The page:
Media release: Research demonstrates MHPN is contributing to better mental health care for Australians

Chris Gibbs headshot
Chris Gibbs/Chief Executive Officer
1 min read·February 6th, 2018
Two articles recently published in the Journal of Integrated Care demonstrate that the Mental Health Professionals’ Network (MHPN) is improving integrated mental health care in Australia.

The articles report on evaluations of MHPN’s two core programs – local network meetings of health professionals and national interactive online professional development webinars. According to MHPN CEO, Mr Chris Gibbs, ‘In the past, a lack of communication and integration between health professionals and health care services has made it difficult for people with mental health problems to access appropriate care,’ said Mr Gibbs. ‘Through its two key programs, MHPN supports and enhances collaborative care among health professionals working in primary mental health care’.

Half of Australian adults have experienced a mental disorder over their lifetime, and one in five children and adolescents experience mental health challenges. Further, mental health disorders are the leading cause of healthy years of life lost due to disability. Many Australians do not receive adequate care due to difficulties accessing appropriate services.

The two studies, which involved 1,375 and 585 health professionals respectively, investigated changes in the practice that health professionals provided after participating in MHPN’s network meetings and webinars. According to lead author, Dr Barbara Murphy, ‘The studies demonstrated that health professionals engaged in more consultation and collaboration which resulted in more targeted referrals. Ultimately this means improved outcomes for those with mental health conditions’. Importantly, general practitioners were the most likely of all health professionals to make positive changes. ‘The studies found that nine out of ten GPs reported improving their referrals as a result of their participation in MHPN’s programs. This is particularly important given that GPs are often the first contact point for someone with a mental health condition,’ Dr Murphy said.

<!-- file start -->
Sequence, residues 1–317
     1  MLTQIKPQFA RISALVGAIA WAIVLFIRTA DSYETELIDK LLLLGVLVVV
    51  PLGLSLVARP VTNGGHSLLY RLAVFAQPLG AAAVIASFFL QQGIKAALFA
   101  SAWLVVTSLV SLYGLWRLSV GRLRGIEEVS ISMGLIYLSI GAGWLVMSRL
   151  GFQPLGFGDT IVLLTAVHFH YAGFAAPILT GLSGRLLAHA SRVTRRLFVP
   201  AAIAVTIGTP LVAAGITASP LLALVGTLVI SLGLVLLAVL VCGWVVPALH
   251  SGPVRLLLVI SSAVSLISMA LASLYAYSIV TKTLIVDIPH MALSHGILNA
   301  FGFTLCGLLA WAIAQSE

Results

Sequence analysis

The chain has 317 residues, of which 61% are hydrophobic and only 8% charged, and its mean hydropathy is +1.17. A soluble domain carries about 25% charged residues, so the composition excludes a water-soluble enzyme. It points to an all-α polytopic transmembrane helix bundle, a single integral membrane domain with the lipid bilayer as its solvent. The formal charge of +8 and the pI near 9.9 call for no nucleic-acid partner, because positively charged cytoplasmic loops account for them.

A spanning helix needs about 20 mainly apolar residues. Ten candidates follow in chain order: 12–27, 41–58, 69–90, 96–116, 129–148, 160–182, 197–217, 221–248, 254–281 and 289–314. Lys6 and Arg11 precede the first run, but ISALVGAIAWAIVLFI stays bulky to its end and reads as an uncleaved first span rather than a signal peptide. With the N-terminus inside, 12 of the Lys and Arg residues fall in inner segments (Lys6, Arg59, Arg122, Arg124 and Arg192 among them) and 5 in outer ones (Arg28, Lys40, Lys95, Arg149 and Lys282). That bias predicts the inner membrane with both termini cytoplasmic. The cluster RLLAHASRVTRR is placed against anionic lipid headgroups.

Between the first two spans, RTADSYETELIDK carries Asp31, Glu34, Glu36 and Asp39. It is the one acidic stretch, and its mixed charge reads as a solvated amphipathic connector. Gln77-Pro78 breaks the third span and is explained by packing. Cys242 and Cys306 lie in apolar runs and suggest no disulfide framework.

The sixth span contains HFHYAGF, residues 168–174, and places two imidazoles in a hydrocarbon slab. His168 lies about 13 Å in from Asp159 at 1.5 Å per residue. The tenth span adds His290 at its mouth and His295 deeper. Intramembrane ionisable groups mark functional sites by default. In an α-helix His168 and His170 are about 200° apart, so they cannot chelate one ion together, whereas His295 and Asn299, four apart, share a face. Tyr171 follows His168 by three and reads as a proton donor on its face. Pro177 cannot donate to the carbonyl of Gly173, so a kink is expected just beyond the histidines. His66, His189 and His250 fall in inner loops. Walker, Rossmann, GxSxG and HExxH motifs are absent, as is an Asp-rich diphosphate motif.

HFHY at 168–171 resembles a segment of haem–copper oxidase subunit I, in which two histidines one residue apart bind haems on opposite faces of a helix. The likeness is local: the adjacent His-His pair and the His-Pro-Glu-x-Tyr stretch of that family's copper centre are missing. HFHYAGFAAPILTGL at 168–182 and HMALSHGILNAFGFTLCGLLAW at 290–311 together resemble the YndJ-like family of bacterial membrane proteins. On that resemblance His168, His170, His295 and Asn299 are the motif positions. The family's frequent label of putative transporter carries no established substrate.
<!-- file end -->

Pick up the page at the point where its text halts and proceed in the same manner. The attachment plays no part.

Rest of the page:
MHPN promotes interdisciplinary networking between psychiatrists, general practitioners, psychologists, mental health nurses, social workers, paediatricians, occupational therapists, and other mental health practitioners. MHPN currently supports 350 interdisciplinary networks across Australia, with over 9,000 health professionals attending meetings annually. In addition, MHPN has produced over 60 webinars, attracting participation from 22,000 health professionals, and more than 100,000 downloads of webinar recordings. ‘The impact of MHPN is broad and far-reaching,’ said Mr Gibbs. ‘Around 40% of the networks are located in regional, rural and remote areas of Australia, where health professionals have traditionally worked in isolation. For some health professionals, involvement in our networks and webinars is their first opportunity to connect with practitioners from other disciplines’.

MHPN is a not-for-profit organisation funded by the Australian Government Department of Health. The principle partners are the Royal Australian College of General Practitioners (RACGP), the Australian Psychological Society (APS), the Royal Australian and New Zealand College of Psychiatrists (RANZCP), and the Australian College of Mental Health Nurses (ACMHN).

For more information or an interview with MHPN CEO Mr Chris Gibbs or Dr Barbara Murphy, contact MHPN on 1800 209 301.

Article citations:

Murphy B, Gibbs C, Hoppe K, Ratnaike D, Lovelock H. Change in mental health collaborative care attitudes and practice in Australia: Impact of participation in MHPN network meetings. Journal of Integrated Care 2018; DOI: 10.1108/JICA-10-2017-0033. A link to the article abstract can be accessed here.

Murphy B, Hoppe K, Gibbs C, Ratnaike D, Lovelock H. Change in clinical practice in Australia: Impact of participation in MHPN webinars. Journal of Integrated Care 2018; DOI: 10.1108/JICA-10-2017-0034. A link to the article abstract can be accessed here.

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The Mental Health Professionals’ Network (MHPN) respectfully acknowledges the Wurundjeri and the Boon Wurrung people of the Kulin nation, the Traditional Owners and Custodians of the land on which our office is situated. We also acknowledge Traditional Owners of Country throughout Australia and pay our respects to their Elders past and present.